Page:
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Men's Olympic Hockey Gold Medal Preview: Breaking Down ROC vs. Finland

ROC and Finland play for men's Olympic hockey gold in Beijing, with two of the biggest tournament heavyweights hoping to prove why they're so tough to play against.

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It all comes down to this.

After 11 days and 30 games, the men's Olympic hockey tournament is finally set to decide a winner in Beijing. With no NHLers, Finland and the Russian Olympic Committee secured spots in the championship game, set for 11:10 PM ET Saturday evening/12:10 Sunday local time.

Without the world's top players, there never was a true clear-cut favorite. Russia, the defending champions, were the logical No. 1 choice, but struggled to score with just 13 goals in five games - five of them coming in the game against the Czechs.

How They Got Here

Before the tournament, Finland and the ROC were two of the clear favorites for gold. Between the strong depth each nation has and the goaltending they've gotten from the get-go, it's no surprise the champions from Group B and C are the ones going for gold in Beijing.

Finland won all three of its round robin games, including a come-from-behind overtime win over Sweden that saw the Finns erase a 3-0 deficit in the third period. Finland had a pair of big wins against Slovakia (6-2) and Switzerland (5-1), and their win against Sweden (4-3, OT) proved they can battle adversity. If Finland can stay out of the box, they're tough to beat with a plus-13 goal-differential.

Russia hasn't won a game by more than two goals and have an overall goal-differential of plus-five. But for the most part, Russia has been one of the toughest teams to play against, as expected. Russia has allowed one or fewer goals in four of the five games they've played, so Finland is going to have to get creative to get past a blueline and goalie combo that's forcing teams to the perimeter.

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Tale of the Tape

These teams are definitely not strangers.

Making up half of the Euro Hockey Tour field, the two teams finished 1-2 in the Channel One Cup in December, with Finland winning the match between them and the title to go with it. Finland came second at the Karjala Cup in November, with Russia coming third with just one win.

While the rosters aren't identical, both events were used as evaluations for the Olympics, so there was some heavy overlap. One of FInland's better players in Beijing, Miro Aaltonen, is tied for the overall EHT point lead with five points, with Nikita Gusev leading Russia with four. Since Jan. 1, 2021, Finland has a 3-1 advantage in men's national team games and is coming off a silver medal at the World Championship last June.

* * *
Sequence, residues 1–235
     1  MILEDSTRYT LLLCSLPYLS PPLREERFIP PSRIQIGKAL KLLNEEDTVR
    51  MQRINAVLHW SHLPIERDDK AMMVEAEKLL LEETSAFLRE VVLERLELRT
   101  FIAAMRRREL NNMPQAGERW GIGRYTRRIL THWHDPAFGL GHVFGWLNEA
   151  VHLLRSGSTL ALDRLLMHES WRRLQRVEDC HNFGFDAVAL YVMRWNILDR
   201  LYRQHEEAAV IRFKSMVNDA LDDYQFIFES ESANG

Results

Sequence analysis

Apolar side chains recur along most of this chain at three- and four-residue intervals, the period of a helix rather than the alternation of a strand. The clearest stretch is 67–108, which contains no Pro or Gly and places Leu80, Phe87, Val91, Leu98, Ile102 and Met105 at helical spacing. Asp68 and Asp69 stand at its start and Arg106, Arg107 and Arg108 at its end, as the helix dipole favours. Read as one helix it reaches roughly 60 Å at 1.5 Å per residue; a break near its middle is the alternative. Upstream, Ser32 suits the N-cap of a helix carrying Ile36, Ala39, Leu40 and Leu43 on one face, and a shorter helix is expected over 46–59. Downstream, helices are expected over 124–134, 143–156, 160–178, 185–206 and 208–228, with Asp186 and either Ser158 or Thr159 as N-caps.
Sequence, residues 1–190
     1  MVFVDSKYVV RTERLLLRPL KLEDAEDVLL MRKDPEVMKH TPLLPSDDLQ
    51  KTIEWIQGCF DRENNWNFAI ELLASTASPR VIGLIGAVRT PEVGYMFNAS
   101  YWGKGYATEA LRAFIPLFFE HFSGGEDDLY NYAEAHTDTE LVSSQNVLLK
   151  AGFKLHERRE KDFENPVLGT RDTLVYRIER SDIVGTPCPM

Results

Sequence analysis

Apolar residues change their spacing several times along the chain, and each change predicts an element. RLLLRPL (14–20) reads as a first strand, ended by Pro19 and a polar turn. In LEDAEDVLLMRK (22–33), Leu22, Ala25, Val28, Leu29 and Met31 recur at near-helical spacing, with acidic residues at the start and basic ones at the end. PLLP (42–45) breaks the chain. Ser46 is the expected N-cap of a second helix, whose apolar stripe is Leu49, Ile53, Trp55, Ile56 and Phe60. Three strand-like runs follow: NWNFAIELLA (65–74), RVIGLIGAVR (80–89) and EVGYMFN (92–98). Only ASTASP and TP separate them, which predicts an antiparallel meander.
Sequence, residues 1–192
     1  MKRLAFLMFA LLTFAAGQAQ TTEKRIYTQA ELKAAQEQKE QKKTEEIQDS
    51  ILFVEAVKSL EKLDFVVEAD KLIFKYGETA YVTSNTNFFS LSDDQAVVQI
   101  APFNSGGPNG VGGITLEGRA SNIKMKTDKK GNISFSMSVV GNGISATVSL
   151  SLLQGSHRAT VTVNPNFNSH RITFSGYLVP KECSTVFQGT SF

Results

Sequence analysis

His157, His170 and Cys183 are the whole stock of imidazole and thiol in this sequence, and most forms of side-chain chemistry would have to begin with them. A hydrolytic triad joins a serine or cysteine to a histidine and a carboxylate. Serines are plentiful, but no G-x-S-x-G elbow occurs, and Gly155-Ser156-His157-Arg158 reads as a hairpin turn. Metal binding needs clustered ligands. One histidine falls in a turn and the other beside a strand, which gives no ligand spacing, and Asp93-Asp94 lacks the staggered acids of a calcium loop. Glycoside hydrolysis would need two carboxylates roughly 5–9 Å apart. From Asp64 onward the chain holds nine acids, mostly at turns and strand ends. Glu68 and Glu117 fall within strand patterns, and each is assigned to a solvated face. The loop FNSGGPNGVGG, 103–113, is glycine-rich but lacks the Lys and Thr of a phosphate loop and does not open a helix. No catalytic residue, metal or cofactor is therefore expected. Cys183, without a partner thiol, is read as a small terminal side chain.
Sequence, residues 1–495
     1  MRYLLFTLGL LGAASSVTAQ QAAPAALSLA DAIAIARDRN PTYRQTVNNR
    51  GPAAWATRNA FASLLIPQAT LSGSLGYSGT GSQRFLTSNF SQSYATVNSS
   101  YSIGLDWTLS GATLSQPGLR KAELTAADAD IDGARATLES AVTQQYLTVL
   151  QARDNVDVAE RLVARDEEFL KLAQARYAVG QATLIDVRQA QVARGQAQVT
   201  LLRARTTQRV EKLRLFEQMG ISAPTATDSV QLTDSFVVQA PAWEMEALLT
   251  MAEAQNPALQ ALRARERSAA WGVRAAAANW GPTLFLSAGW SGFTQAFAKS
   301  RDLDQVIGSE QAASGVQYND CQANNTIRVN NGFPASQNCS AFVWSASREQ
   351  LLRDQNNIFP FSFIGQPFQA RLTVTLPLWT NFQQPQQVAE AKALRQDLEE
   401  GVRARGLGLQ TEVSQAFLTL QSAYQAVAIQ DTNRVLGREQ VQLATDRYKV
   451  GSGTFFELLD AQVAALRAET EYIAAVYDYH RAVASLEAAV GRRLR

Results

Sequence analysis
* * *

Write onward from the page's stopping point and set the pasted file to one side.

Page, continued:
Players to Watch

ROC

Ivan Fedotov, G
Standing at 6-foot-8, Fedotov has been one of the best goaltenders throughout the tournament with a .944 save percentage after playing every game in the tournament. Had it not been for Russia's collapse against the Czechs, which was partly due to a poor penalty kill, Fedotov's numbers would be much better. Still, as Russia has struggled to score at 5-on-5, Fedotov has needed to be great, and he's kept the ROC in charge.

Nikita Gusev, F
After scoring four goals and a tournament-leading 12 points in South Korea four years ago en route to gold and the top forward award, Gusev has been a bit quieter by his standards with zero goals and five assists. But still, he's been one of the team's most important players as expected and scored a big goal in the shootout to keep its hopes alive against Sweden. If Russia wins the championship, you can bet Gusev will have something to do with the winning goal.

Anton Slepyshev, F
Scoring has been a bit of a sore spot for Russia, with just three players scoring two goals. But for the most part, Slepyshev has been an integral piece of Russia's attack, scoring the opening goal of the tournament and the one that forced Sweden to chase most of the semifinal game. Russia will need a good game out of Slepyshev if they want to win because they can use all the scoring options they can get.

Finland

Sakari Manninen, F 
Has there been a more valuable forward than Manninen? He enters the tournament in a three-way tie for first in scoring that includes teammate Teemu Hartikainen, with his four goals sitting second behind Lucas Wallmark. Manninen has gotten points in all but one game, a Finland's 3-1 win over Latvia, and started it out with a hat-trick against Slovakia. Since then, he's been a steady force on Finland's attack and needs to remain hot if Finland is to win gold.

Teemu Hartikainen, F
Speaking of offense, Hartikainen has been electric with seven points and has seemingly made just about everyone around him better. To say it's been Hartikainen's best men's national team tournament is an understatement: Hartikainen has just 10 points in 33 Euro Hockey Tour games and had just one assist back in 2018. His inconsistent play is part of what chased him out of an NHL deal nearly a decade ago, but he's firing on all cylinders in Beijing.

Mikko Lehtonen, D 
If you're going to beat Fedotov, you need your defense starting the scoring chance by getting the puck on net and getting your fowards to bang in the rebound. Fortunately, Lehtonen is good at getting the puck on net, and leads all defensemen competing in the final with four points in five games. Capable of leading the power play, Lehtonen has emerged as one of the best offensive defensemen in the KHL over the past few years and his second Olympic tournament has been a big success.

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